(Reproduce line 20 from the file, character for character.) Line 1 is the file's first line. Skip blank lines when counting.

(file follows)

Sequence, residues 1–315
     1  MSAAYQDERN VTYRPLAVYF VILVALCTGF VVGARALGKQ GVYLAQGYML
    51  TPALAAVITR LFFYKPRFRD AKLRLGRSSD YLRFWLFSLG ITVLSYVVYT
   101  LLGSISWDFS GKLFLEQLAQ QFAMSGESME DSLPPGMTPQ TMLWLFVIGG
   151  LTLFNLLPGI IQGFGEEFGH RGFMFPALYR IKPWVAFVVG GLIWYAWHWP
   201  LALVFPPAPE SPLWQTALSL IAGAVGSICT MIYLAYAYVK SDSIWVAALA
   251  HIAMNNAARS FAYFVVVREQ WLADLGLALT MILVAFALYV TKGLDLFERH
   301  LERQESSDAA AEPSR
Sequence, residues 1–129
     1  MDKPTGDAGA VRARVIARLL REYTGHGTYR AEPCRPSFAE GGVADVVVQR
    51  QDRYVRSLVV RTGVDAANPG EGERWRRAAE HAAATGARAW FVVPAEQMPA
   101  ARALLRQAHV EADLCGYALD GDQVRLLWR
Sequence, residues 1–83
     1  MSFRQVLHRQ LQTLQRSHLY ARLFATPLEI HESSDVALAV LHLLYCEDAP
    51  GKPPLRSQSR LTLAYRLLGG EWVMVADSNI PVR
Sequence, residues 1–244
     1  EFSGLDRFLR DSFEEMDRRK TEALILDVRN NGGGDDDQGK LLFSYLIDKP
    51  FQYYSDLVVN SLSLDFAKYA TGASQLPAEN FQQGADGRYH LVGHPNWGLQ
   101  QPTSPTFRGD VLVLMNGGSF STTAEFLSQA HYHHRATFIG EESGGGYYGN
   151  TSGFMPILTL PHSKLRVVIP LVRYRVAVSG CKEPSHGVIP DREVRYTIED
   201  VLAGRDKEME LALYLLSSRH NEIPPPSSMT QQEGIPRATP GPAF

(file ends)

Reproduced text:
   151  TSGFMPILTL PHSKLRVVIP LVRYRVAVSG CKEPSHGVIP DREVRYTIED